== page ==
An urban metabolism and carbon footprint analysis of the Jing-Jin-Ji regional agglomeration

Hongmei Zheng of the School of Environment, Beijing Normal University, China, analyzed how the three regions within the Jing-Jin-Ji agglomeration interact with each other and their roles in its development.

Hongmei Zheng

Hongmei Zheng

Introduction

The Jing-Jin-Ji region (including Beijing, Tianjin, and Hebei province) is the most economically active and developed area in northern China. Although this region has developed rapidly, it has also encountered problems such as excessive resource allocation accompanied by growing environmental damage. It is thus important to analyze how the three regions within the agglomeration interact with each other, and what their roles are in its development. The objectives of this research are i) comparing how the energy consumption and carbon footprint of different sectors in three regions changed from 2002 to 2007; ii) quantifying the metabolic roles of each region in the agglomeration; and iii) identifying energy efficiency options for each sector that reduce the carbon footprint.

Methodology

This research is based on data from the China Energy Statistical Yearbook (NBSC, 2000-2002, 2007) and the multi-regional input-output tables of 2002 and 2007. Figure 1 shows the conceptual model for how the embodied energy consumption for each sector was calculated; for detailed equations refer to [1]. Using the carbon-emission coefficients, we can also account for the sectors’ carbon footprint.

Results and Conclusions

The embodied energy consumption for the whole of the Jing-Jin-Ji agglomeration was 260.47×107 tce in 2002. In 2007 it increased to 298.78×107 tce (1.15 times the 2002 value). For the regions, the embodied energy consumption of Hebei was the largest in both time periods, followed by Beijing (Figure 2). Comparing the consumption in two time periods, Hebei increased fastest with consumption in 2007 being 1.58 times that of 2002; this was followed by Tianjin (whose 2007 value was 1.10 times that of 2002). The energy consumed in Beijing decreased, with the consumption in 2007 being only 56.1% of that in 2002. In terms of sectors, the three industrial sectors (sector 2) consumed the most energy in each region, followed by the other services sectors (sector 5, except for Hebei in 2002 and in Tianjin in 2007, and the construction sectors (sector 3). Hebei should thus pay more attention to saving energy, especially for the industrial sector from 2007.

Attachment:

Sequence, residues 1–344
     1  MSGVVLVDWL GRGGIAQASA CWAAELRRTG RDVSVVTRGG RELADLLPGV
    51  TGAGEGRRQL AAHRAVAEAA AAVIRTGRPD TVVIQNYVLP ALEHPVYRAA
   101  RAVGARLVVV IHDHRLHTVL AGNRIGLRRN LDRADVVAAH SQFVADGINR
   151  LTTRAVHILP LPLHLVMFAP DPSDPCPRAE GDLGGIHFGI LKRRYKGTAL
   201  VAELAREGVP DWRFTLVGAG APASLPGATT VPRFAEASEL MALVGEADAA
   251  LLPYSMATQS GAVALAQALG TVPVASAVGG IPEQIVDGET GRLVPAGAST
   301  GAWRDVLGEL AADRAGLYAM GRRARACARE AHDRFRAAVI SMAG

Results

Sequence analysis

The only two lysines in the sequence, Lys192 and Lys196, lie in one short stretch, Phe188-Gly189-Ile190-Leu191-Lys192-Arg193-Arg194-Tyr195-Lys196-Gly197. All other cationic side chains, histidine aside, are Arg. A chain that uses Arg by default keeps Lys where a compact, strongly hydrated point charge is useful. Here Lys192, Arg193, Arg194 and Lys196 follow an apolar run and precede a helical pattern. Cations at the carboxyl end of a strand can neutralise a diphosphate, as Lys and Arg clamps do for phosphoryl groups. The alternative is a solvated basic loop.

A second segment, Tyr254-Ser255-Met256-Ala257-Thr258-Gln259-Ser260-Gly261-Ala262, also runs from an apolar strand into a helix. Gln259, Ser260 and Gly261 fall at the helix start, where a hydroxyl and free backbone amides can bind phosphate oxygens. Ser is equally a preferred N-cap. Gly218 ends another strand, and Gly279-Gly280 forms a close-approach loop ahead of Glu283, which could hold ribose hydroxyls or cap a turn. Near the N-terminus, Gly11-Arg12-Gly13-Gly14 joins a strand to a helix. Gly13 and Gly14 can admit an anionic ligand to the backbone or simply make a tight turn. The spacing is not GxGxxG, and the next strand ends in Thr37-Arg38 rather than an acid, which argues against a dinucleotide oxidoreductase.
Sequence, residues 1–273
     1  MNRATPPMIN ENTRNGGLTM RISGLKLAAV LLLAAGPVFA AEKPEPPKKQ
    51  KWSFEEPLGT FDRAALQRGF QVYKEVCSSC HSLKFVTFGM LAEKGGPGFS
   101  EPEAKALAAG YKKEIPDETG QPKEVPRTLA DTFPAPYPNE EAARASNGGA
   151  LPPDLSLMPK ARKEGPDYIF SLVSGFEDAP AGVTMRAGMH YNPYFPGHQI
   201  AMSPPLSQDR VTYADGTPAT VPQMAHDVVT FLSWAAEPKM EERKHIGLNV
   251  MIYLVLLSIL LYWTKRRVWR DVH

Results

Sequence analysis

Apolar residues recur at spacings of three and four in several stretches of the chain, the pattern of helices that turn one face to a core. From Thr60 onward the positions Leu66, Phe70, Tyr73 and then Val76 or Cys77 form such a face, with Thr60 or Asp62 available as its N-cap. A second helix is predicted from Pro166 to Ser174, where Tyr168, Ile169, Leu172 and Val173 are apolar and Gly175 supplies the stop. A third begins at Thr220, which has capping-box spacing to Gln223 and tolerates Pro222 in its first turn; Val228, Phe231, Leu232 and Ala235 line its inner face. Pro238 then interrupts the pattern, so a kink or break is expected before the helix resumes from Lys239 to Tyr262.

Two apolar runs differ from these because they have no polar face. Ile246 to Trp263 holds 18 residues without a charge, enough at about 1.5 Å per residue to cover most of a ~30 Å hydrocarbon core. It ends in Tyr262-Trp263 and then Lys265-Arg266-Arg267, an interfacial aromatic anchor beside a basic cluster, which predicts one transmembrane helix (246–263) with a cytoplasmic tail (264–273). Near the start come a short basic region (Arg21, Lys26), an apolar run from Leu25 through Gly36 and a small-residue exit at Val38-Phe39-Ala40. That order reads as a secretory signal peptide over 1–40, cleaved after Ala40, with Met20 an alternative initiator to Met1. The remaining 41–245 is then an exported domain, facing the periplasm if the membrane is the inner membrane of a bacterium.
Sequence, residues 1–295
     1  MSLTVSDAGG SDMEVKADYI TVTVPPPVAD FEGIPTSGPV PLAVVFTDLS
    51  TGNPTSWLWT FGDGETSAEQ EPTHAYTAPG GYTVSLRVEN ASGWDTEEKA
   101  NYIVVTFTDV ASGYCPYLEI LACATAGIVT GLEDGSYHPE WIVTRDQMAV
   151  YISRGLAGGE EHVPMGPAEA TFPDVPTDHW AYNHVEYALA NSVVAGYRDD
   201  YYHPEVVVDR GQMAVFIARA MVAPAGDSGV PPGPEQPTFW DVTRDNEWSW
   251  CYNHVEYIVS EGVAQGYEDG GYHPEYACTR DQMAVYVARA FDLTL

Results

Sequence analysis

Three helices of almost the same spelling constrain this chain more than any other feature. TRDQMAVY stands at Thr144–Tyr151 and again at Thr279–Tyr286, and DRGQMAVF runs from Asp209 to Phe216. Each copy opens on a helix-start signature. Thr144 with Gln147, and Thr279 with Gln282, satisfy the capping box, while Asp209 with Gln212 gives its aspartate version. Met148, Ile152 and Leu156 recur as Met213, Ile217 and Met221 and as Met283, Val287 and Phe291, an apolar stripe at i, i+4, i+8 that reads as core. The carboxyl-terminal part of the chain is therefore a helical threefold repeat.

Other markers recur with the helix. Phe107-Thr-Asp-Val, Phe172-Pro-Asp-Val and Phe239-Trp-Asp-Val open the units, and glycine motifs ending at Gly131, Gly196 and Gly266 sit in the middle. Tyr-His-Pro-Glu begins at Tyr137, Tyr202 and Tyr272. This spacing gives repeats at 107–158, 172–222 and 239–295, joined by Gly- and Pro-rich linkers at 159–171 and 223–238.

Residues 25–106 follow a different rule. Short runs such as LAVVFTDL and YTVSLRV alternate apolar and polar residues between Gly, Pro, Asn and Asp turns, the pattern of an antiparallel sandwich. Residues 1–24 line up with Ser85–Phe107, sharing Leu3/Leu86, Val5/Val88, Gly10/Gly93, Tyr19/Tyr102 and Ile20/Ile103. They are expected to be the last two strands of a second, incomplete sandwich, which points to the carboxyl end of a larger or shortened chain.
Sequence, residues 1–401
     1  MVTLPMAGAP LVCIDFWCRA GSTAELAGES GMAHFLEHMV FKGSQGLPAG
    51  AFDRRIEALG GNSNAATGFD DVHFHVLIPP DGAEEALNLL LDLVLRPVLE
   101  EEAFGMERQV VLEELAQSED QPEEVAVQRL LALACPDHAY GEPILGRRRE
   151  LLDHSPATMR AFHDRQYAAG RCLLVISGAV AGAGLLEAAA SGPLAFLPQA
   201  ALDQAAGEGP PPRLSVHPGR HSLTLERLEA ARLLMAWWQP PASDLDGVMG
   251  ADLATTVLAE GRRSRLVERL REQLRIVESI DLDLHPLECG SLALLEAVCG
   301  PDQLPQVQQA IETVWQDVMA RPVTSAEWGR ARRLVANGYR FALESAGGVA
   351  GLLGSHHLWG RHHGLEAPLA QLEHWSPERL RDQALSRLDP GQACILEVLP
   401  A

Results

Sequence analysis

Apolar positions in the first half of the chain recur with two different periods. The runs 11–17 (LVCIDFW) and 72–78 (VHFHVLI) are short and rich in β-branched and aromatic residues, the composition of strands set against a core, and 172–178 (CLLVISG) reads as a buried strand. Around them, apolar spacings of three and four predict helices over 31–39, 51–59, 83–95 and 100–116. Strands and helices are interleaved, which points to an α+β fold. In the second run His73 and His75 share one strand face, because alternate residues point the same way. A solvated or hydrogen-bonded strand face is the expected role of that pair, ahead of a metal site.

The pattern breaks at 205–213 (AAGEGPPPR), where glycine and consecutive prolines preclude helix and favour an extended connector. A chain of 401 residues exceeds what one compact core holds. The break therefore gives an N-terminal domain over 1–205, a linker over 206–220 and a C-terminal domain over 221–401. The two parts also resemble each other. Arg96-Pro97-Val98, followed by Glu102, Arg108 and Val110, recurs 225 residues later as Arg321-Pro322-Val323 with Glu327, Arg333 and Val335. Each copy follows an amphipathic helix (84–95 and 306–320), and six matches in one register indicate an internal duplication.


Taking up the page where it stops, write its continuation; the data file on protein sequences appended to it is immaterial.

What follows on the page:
Figure 1. The conceptual model for embodied energy accounting (click on the image to enlarge).

Figure 2. Energy and carbon consumption in 2002 and 2007 (click on the image to enlarge).

References

[1] Zhang Y, Zheng HM, Fath BD, Liu H, Yang ZF, Liu GY, Su MY (2014). Ecological network analysis of an urban metabolic system based on input-output tables: Model development and case study for Beijing. Science of the Total Environment 468/469, 642–653.

Supervisor

Brian Fath, Advanced Systems Analysis, IIASA

Note

Hongmei Zheng of the School of Environment, Beijing Normal University, China, is a Chinese citizen. She was funded by IIASA’s Chinese National Member Organization and worked in the Advanced Systems Analysis (ASA) Program during the YSSP.

Please note these Proceedings have received limited or no review from supervisors and IIASA program directors, and the views and results expressed therein do not necessarily represent IIASA, its National Member Organizations, or other organizations supporting the work.


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Last edited: 29 September 2015

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